We can blame the COVID-19 virus for the multitude of changes that have evolved in our lives and businesses for the past 10 months; it seems like years for me. How many times have you heard the words “virtual,” “Zoom,” “lockdown,” and “social distancing” during this pandemic? Nevertheless, life and our economy must carry on so many business owners have found or fashioned new ways to keep their businesses viable using the Internet. With the Internet and digital photography being important parts of our lifestyle today, and they have rocketed in usage during the last two decades. They have made the pandemic and lockdown more bearable than just 10 years ago.
I was contacted by John Young, a board member of the New Mexico Taxidermy Association, who wanted to try something different for their members since their May 2020 show was called off because of the pandemic. He wanted to have a photo competition for the association members. His emphasis was to work with me on doing this and as incentive he told members if their mounts were selected they might be published in Breakthrough. Plus he had an idea that would produce prize money.
I must say I was hesitant at first, but after considering the challenge I said yes. John and I put some information together and I suggested a scoresheet that would take into account that judging was by submitted photos, 3 to 5 for each entry, and limited scrutiny would be available for judges to see. I secured the services of three judges: Joe Meder, mammals; Dave Luke, birds; and Jeff Mourning, fish and reptiles.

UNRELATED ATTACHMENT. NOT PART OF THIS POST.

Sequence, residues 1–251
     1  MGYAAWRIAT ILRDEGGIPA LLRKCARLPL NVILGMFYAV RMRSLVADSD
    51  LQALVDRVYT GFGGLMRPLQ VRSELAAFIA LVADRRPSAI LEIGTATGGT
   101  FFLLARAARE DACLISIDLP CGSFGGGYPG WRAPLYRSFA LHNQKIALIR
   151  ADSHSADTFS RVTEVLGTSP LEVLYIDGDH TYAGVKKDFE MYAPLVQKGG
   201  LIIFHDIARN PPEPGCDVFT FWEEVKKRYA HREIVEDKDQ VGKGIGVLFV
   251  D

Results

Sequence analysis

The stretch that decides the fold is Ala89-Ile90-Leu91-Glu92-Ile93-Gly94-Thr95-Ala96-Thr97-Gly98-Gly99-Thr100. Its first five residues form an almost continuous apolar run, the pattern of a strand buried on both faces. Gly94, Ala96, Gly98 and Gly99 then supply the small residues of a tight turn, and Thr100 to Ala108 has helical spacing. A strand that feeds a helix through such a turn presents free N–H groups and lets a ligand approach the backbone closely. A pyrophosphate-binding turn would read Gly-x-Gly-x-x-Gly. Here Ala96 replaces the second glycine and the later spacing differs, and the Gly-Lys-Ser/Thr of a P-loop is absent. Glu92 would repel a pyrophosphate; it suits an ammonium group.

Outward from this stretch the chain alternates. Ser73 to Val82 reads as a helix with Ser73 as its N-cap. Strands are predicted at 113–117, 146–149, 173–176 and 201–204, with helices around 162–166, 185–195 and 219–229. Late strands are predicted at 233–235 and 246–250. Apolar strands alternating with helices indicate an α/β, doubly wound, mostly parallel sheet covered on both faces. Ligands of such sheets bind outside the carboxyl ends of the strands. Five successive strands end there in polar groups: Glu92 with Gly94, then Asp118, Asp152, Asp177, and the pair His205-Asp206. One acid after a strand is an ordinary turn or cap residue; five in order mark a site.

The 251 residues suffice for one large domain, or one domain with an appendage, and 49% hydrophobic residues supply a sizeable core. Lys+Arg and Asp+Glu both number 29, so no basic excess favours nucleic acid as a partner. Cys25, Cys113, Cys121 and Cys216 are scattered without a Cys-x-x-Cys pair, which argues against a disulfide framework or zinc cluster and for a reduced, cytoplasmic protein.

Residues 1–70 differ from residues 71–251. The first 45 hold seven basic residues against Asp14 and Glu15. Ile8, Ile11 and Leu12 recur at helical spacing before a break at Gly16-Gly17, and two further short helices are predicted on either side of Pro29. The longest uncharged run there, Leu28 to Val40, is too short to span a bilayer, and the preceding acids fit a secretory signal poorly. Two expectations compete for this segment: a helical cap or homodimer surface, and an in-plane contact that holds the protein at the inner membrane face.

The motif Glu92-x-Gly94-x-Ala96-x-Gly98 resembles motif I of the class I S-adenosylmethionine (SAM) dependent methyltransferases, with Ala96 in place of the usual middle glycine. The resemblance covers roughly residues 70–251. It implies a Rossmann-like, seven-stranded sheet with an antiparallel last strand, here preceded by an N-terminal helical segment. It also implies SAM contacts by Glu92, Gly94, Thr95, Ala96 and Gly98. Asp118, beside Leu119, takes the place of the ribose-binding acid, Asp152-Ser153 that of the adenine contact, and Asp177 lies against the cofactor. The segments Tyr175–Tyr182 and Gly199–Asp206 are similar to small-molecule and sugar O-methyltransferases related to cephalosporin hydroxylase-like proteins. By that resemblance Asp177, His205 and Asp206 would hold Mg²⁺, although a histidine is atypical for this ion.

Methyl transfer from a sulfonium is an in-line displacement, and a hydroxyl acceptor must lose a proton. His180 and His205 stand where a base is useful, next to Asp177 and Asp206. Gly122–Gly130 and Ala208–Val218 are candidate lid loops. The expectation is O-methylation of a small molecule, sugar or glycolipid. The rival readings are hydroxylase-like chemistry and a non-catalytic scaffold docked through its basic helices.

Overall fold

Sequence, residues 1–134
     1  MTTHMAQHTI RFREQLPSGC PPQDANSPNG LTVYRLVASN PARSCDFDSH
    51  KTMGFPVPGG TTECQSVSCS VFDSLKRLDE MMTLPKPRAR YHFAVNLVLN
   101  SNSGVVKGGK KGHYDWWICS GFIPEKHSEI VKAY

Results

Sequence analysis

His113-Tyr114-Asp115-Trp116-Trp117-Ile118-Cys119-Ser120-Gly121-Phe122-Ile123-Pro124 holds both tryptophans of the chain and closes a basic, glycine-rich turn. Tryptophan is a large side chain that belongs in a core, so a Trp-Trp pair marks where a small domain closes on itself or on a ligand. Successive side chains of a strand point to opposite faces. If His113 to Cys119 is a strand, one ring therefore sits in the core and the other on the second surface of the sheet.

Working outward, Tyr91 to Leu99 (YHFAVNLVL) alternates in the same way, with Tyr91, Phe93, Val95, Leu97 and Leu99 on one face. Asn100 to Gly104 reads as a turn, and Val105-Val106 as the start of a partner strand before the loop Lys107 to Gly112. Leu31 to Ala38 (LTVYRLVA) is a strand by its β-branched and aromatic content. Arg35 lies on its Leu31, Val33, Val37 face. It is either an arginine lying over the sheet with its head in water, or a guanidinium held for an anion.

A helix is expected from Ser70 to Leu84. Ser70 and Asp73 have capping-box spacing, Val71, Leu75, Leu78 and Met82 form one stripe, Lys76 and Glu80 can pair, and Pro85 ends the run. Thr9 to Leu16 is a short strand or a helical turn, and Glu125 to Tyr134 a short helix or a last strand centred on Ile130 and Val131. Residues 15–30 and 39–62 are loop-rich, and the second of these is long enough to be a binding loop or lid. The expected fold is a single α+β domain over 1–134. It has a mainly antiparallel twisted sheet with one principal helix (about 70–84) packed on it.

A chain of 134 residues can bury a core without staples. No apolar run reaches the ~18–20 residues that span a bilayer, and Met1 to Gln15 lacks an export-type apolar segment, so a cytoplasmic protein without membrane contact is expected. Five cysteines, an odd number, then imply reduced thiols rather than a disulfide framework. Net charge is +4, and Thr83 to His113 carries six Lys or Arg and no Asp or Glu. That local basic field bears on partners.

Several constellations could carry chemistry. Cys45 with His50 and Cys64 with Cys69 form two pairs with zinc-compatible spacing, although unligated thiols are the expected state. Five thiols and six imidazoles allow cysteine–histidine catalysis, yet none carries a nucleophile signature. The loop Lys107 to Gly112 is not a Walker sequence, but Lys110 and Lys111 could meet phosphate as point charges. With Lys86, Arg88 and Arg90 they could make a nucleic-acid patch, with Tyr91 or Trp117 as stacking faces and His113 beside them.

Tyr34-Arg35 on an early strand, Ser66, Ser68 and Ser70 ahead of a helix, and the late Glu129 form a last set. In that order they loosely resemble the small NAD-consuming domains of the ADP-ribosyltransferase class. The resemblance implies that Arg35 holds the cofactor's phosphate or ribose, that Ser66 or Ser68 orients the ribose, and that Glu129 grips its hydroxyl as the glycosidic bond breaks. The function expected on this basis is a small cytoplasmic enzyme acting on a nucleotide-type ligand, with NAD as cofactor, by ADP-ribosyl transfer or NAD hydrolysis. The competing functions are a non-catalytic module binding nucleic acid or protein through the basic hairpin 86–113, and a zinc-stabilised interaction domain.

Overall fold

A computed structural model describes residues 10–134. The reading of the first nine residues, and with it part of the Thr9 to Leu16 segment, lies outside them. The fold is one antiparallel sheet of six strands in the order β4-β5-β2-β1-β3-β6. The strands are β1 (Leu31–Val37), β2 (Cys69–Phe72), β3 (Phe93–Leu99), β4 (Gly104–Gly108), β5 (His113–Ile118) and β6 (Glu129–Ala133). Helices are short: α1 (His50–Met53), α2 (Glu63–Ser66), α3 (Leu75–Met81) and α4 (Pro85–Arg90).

By the end of September there were 16 entries submitted, fewer than John had hoped for, but he and I agreed enough to move forward for this first attempt. I will admit it was more time consuming than I expected to develop and send scoresheets out for each entry with instructions on how to return them by email so we would have understandable critiques for the competitors. I thought the judges did an excellent job in scoring and critiquing the entries. In fact, if we had time and room I think that would have been another learning experience for our readers. I am not sure I would try this experience again, but I certainly learned from it and could do it at a faster and more efficient pace if I did repeat it. For now, I will consider it a one-time experience and stick at producing the World Show where I have 30 years experience.
We selected six of the entries that had the strongest composition to feature with a smaller glimpse at the other ten. I definitely thought it was an experience we should tell you about and show. Thank you John Young for contacting me and exposing your idea to our subscribers.
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